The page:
Trump to announce Supreme Court nominee next week

Washington (AFP) - President Donald Trump said Tuesday he will announce next week his nominee to fill a vacant seat on the Supreme Court -- a crucial decision that could shape US law on major issues like abortion for decades.

One of the court's nine seats has been vacant since conservative justice Antonin Scalia died in February 2016.

In the interim, Senate Republicans refused to give President Barack Obama's nominee, Merrick Garland, even a confirmation hearing, much less put the nomination to a vote.

So the court has been divided evenly between progressives and conservatives. That equality however runs the risk of the court deadlocking.

"We'll pick a truly great Supreme Court justice and I'll be announcing it sometime next week," Trump said in the Oval Office.

Trump said recently he had a list of 20 candidates for the empty seat.

He invited Senate Majority Leader Mitch McConnell, top Senate Democrat Chuck Schumer and the two leading members of the Senate Judiciary Committee to the White House later Tuesday to discuss filling the vacancy on the US high court.

The Supreme Court has the final say on interpreting federal constitutional law. It takes on cases addressing important issues such as abortion, same-sex marriage and gun rights.

Nominees put forward by the president must be confirmed by the Senate for these lifetime positions.

Supreme Court nominees require a 60-vote majority for confirmation in the 100-seat Senate. Republicans hold 52 seats, so any nominee would need support from at least eight Democrats.

- Mocking Trump on Twitter -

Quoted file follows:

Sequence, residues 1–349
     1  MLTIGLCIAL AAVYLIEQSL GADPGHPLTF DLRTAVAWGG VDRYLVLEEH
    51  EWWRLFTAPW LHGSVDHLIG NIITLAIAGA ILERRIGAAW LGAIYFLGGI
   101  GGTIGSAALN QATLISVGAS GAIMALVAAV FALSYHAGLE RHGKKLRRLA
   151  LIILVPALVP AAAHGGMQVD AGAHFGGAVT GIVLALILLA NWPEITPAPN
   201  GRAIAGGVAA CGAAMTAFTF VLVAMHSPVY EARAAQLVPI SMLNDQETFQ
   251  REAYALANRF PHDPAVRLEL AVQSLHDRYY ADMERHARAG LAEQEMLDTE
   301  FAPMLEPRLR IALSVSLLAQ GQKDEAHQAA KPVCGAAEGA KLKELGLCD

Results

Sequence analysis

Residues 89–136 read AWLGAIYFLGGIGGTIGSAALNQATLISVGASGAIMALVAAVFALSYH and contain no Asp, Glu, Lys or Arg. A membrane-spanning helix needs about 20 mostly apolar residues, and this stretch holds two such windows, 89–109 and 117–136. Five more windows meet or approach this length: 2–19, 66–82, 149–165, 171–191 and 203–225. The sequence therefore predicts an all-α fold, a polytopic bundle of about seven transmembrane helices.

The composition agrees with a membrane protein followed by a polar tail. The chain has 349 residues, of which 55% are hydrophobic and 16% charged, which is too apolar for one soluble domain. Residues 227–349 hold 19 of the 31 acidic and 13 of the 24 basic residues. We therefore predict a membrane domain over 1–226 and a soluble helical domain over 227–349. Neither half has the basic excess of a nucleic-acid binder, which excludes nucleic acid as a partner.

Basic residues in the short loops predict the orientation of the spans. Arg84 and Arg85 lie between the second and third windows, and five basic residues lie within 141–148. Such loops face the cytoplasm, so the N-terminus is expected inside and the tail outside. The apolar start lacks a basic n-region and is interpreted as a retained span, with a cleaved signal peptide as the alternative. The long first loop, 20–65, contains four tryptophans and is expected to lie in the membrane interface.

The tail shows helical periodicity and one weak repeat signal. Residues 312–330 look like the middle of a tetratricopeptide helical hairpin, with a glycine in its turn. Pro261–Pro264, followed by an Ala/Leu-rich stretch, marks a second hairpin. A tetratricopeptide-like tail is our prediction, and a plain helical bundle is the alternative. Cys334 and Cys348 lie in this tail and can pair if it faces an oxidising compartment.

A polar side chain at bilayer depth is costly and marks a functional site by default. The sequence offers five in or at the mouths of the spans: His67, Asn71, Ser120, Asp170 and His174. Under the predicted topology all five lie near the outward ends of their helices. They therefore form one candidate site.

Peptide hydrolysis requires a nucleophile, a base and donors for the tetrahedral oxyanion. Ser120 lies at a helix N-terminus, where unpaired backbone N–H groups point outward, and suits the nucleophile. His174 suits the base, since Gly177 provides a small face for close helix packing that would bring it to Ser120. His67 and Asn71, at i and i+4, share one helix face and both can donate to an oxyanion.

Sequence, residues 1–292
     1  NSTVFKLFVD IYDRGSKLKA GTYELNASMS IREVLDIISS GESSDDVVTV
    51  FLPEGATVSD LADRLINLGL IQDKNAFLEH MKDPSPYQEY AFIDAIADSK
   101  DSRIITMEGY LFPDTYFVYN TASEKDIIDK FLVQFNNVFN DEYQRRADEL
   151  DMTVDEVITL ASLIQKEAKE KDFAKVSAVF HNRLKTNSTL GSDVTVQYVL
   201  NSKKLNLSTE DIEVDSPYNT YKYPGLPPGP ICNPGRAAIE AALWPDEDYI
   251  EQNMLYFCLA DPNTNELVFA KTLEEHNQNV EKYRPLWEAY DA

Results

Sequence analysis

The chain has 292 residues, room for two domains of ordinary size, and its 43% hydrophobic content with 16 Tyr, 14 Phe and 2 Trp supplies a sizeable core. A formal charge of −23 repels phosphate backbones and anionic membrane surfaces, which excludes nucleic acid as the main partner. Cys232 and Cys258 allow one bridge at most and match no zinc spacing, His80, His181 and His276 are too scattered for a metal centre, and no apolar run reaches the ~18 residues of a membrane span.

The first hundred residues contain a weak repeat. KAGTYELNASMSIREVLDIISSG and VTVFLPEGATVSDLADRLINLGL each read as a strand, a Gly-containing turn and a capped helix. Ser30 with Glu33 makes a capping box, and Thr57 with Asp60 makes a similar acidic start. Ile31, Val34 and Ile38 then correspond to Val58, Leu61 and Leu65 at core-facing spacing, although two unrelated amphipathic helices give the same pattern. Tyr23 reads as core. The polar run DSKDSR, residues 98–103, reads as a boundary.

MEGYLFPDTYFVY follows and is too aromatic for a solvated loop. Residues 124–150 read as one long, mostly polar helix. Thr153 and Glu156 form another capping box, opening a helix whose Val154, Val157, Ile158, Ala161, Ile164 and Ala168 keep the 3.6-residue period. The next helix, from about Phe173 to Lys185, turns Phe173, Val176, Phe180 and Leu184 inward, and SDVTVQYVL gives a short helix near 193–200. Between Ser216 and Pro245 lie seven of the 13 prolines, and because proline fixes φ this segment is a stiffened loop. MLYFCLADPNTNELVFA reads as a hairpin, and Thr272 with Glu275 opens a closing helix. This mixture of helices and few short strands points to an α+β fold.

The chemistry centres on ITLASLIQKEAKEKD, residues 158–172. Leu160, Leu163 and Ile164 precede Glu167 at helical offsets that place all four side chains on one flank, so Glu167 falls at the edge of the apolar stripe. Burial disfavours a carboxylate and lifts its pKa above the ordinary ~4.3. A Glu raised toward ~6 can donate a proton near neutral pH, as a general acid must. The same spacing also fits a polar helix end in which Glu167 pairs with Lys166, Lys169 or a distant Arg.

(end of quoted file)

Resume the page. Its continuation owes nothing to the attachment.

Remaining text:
After winning the US election on November 8, Trump said he would name justices who are against abortion, and staunch defenders of Americans' right to own guns as enshrined in the Second Amendment to the US Constitution.

"I'm pro-life," he told CBS. "The judges will be pro-life."

Trump said his nominees would be "very pro-Second Amendment."

Trump may have other opportunities to nominate justices. Two of the current justices are in their 80s -- Ruth Bader Ginsburg and Anthony Kennedy. Stephen Breyer will turn 80 next year.

Last May, Trump published a list of possible candidates for the vacant seat. They are all white conservatives. Three are women.

They include Don Willett, a Republican who sits on the Supreme Court of Texas and whose Twitter profile notes he is a former rodeo bull rider. He is known to have a sense of humor.

Willett has jokingly mocked Trump repeatedly on Twitter. In one tweet on Trump's plans to spend big on infrastructure, Willett posted a picture from "Star Wars" and wrote: "We'll rebuild the Death Star. It'll be amazing, believe me. And the rebels will pay for it. -- Darth Trump."

Another candidate is William Pryor, a federal judge who is Catholic and has criticized the Supreme Court decision in 1973 legalizing abortion as the "worst abomination in the history of constitutional law."

Yet another is Diane Sykes, who has raised eyebrows with a ruling that threw out a ban on minors at firing ranges within the city limits of crime-wracked Chicago.

This list, comprising federal and state supreme court judges, largely reflects one proposed in March by the Heritage Foundation, a conservative think tank to which Trump essentially delegated the task of coming up with candidates to fill the Supreme Court vacancy.